Research Highlights

Optical tweezers achieve new feats of capturing atoms
Photograph of an Infrared optical tweezers device.
Published: April 04, 2019

Trapping single atoms is a bit like herding cats, which makes researchers at the University of Colorado Boulder expert feline wranglers. In a new study, a team led by physicist Cindy Regal showed that it could load groups of individual atoms into large grids with an efficiency unmatched by existing methods.  

PI: Cindy Regal
Topics: Atomic & Molecular Physics
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Quiet Drumming: Reducing Noise for the Quantum Internet
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Published: September 24, 2018

Quantum computers are set to revolutionize society. With their expansive power and speed, quantum computers could reduce today’s impossibly complex problems, like artificial intelligence and weather forecasts, to mere algorithms. But as revolutionary as the quantum computer will be, its promises will be stifled without the right connections. Peter Burns, a JILA graduate student in the Lehnert/Regal lab, likens this stifle to a world without Wi-Fi.  

PI: Cindy Regal | PI: Graeme Smith | PI: Konrad Lehnert
Topics: Quantum Information Science & Technology
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The Chameleon Interferometer
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Published: April 21, 2017

The Regal group recently met the challenge of measurements in an extreme situation with a device called an interferometer. The researchers succeeded by using creative alterations to the device itself and quantum correlations. Quantum correlations are unique, and often counterintuitive, quantum mechanical interactions that occur among quantum objects such as photons and atoms. The group exploited these interactions in the way they set up their interferometer, and improved its ability to measure tiny motions using photons (particles of light).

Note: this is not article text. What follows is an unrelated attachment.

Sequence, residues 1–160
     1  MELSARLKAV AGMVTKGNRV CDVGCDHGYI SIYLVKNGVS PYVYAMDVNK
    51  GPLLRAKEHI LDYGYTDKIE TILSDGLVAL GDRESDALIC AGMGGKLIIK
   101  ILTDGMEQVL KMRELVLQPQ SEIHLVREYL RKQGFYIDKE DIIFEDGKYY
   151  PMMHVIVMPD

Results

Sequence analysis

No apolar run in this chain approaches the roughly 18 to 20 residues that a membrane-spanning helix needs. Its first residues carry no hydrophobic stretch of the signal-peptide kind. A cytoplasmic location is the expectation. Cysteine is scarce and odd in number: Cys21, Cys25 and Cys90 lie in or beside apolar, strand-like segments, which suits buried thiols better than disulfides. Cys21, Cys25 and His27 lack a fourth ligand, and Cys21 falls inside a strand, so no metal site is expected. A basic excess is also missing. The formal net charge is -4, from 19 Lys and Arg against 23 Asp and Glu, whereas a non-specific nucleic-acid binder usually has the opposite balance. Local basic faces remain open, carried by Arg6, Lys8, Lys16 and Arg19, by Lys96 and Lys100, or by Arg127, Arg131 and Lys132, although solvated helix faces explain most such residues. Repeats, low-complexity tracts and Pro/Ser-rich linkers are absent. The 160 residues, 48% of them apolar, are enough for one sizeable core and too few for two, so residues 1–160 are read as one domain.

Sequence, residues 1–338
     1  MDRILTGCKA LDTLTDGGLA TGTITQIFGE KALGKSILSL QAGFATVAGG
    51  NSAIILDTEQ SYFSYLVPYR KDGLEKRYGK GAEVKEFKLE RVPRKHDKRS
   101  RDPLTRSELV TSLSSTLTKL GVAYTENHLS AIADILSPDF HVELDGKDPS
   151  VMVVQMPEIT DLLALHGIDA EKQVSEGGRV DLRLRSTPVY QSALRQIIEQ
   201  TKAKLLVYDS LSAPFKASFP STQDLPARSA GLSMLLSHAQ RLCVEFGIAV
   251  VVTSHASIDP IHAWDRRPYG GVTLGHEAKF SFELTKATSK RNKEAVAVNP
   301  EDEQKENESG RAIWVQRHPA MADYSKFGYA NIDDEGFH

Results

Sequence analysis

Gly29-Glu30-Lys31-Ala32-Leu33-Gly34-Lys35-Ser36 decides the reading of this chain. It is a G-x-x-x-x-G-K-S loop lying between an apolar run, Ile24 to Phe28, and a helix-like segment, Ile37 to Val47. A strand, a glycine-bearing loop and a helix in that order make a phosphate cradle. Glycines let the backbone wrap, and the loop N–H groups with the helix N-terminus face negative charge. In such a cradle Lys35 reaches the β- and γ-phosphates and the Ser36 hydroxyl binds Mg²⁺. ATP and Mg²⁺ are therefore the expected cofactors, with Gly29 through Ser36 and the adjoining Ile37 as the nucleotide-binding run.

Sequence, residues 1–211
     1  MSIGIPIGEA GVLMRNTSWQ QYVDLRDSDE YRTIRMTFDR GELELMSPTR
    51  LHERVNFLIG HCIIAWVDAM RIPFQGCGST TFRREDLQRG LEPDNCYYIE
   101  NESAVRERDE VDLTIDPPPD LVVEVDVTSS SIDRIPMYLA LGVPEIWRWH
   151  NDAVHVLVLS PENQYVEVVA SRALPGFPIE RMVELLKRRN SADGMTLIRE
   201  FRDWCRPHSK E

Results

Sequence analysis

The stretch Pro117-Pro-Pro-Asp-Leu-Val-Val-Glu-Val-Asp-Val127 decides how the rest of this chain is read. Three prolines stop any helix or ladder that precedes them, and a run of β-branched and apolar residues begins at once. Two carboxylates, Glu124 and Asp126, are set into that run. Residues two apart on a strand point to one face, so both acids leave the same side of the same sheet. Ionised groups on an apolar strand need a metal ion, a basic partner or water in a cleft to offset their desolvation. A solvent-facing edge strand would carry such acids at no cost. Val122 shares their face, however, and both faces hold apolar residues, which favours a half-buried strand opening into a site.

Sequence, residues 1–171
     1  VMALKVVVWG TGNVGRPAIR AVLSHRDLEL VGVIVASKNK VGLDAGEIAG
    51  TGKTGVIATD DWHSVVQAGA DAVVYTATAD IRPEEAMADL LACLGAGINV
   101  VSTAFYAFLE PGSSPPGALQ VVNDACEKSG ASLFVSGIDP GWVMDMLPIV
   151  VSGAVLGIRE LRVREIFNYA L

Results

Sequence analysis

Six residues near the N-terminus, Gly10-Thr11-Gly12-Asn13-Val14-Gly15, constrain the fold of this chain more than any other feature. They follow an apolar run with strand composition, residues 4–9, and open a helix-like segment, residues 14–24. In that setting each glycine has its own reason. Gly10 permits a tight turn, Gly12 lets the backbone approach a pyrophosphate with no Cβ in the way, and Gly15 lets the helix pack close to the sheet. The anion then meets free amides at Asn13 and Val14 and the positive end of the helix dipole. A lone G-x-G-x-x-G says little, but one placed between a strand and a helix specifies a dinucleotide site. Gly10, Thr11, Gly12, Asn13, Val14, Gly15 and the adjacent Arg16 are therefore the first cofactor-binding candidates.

PI: Cindy Regal | PI: Konrad Lehnert
Topics: Precision Measurement
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How Cold Can a Tiny Drum Get?
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Published: July 20, 2016

Bob Peterson and his colleagues in the Lehnert-Regal lab recently set out to try something that had never been done before: use laser cooling to systematically reduce the temperature of a tiny drum made of silicon nitride as low as allowed by the laws of quantum mechanics. Although laser cooling has become commonplace for atoms, researchers have only recently used lasers to cool tiny silicon nitride drums, stretched over a silicon frame, to their quantum ground state. Peterson and his team decided to see just how cold their drum could get via laser cooling.

PI: Cindy Regal | PI: Konrad Lehnert
Topics: Nanoscience | Topics: Precision Measurement | Topics: Quantum Information Science & Technology
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Natural Born Entanglers
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Published: November 02, 2015

The Regal and Rey groups have come up with a novel way to generate and propagate quantum entanglement [1], a key feature required for quantum computing. Quantum computing requires that bits of information called qubits be moved from one location to another, be available to interact in prescribed ways, and then be isolated for storage or subsequent interactions. The group showed that single neutral atoms carried in tiny traps called optical tweezers may be a promising technology for the job!

PI: Ana Maria Rey | PI: Cindy Regal
Topics: Atomic & Molecular Physics | Topics: Quantum Information Science & Technology
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An Array of Possibilities
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Published: August 19, 2015